December 29, 2009

Wind Turbines and Health Disputes

In an editorial at, Bill Opalka describes Nina Pierpont's recently published case series describing wind turbine syndrome and the consequent pushback by the American and Canadian Wind Energy Associations. Unfortunately, a few members of their "expert panel" have written in clear support of Pierpont's findings. Opalka also notes their statement that "for 30 years, people have been living near the more than 50,000 wind turbines operating in Europe and the more than 30,000 in North America, with few people experiencing ill effects." A correspondent sent us her comment:
Case studies vs. review

If Pierpont's work is new, then the industry's (self-published) review of earlier published work, much of it not specific to wind turbines, is not a convincing refutation. The point is that it is indeed a newly described phenomenon.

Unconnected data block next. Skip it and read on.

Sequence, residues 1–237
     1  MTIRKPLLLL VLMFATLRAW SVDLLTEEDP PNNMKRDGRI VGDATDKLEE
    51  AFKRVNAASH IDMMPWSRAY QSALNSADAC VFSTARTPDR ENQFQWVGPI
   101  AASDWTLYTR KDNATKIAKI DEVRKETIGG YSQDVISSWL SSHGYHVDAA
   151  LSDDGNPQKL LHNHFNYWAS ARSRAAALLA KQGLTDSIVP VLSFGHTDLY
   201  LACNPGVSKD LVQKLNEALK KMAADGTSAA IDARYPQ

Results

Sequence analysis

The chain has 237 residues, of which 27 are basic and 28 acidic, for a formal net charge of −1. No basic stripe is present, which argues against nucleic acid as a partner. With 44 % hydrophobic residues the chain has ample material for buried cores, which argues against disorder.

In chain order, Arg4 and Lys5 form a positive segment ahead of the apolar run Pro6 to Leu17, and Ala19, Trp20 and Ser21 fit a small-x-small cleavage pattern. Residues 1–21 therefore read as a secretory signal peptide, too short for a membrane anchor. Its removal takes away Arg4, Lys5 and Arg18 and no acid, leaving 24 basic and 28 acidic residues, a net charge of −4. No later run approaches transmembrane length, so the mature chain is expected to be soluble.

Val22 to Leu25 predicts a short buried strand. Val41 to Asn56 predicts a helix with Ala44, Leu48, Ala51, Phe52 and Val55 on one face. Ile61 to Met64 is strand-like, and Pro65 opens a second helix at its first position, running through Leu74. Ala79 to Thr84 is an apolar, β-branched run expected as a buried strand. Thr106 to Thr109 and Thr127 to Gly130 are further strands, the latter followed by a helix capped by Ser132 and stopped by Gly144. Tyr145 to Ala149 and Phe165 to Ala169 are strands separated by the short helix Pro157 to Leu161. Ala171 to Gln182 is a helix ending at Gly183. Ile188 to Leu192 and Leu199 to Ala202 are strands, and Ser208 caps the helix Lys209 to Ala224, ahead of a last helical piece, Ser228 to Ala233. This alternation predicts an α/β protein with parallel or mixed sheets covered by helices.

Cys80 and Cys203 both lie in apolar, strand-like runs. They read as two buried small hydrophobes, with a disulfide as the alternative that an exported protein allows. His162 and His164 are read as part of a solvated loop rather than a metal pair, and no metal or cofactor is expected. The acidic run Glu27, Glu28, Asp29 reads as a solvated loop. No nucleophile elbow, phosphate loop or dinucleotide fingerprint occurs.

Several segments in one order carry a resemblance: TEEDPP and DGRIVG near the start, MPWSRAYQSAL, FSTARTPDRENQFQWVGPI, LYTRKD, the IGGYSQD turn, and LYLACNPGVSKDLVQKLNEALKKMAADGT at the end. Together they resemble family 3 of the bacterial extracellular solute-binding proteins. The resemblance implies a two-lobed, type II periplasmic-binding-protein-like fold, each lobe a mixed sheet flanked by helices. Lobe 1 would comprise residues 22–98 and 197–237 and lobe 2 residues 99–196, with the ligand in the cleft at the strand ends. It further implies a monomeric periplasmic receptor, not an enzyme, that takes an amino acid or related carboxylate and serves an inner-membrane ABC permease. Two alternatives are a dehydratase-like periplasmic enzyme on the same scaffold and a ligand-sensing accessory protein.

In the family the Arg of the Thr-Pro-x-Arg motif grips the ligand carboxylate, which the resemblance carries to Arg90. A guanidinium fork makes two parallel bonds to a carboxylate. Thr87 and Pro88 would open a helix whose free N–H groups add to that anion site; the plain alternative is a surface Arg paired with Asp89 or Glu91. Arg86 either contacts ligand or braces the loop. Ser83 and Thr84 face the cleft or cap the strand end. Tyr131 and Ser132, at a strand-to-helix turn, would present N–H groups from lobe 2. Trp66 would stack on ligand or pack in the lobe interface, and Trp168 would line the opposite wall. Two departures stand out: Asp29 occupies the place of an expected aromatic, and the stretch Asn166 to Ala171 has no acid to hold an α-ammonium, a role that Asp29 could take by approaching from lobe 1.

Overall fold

As for the statement that people have lived near wind turbines for decades with few complaints, it should also be noted that: 1) most of those turbines are much smaller and much farther from residences than those now being built in North America and the U.K. (and even so, Dutch and Swedish studies have found remarkable levels of annoyance and sleep disturbance, both of which they describe as an adverse health effect); 2) lease and neighbor easement contracts, signed in the innocence of industry reasurances, generally include gag orders against making problems public; and 3) many properties near wind turbine facilities are bought by the company because of health complaints, as, e.g., last year in Dufferin County, Ontario, with the imposition of new gag orders.

wind power, wind energy, wind turbines, wind farms, environment, environmentalism, human rights, animal rights, anarchism, ecoanarchism, anarchosyndicalism